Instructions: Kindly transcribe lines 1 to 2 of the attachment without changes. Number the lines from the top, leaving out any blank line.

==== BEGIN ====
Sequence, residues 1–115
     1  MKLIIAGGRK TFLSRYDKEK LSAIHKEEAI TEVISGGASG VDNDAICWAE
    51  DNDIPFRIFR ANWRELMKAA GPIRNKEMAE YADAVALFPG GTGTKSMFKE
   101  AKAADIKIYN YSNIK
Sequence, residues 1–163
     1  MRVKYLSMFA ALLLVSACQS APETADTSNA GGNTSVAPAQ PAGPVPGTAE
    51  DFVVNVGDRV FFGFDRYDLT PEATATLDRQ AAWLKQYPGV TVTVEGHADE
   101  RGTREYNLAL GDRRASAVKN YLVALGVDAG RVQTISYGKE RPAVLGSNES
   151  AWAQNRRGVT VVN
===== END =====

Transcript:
Sequence, residues 1–115
     1  MKLIIAGGRK TFLSRYDKEK LSAIHKEEAI TEVISGGASG VDNDAICWAE